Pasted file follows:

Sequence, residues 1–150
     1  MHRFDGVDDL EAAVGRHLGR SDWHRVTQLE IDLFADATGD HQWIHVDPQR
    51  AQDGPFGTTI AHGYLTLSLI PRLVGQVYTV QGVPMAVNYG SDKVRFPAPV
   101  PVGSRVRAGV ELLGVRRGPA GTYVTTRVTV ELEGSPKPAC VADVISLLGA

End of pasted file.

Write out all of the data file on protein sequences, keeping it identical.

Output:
Sequence, residues 1–150
     1  MHRFDGVDDL EAAVGRHLGR SDWHRVTQLE IDLFADATGD HQWIHVDPQR
    51  AQDGPFGTTI AHGYLTLSLI PRLVGQVYTV QGVPMAVNYG SDKVRFPAPV
   101  PVGSRVRAGV ELLGVRRGPA GTYVTTRVTV ELEGSPKPAC VADVISLLGA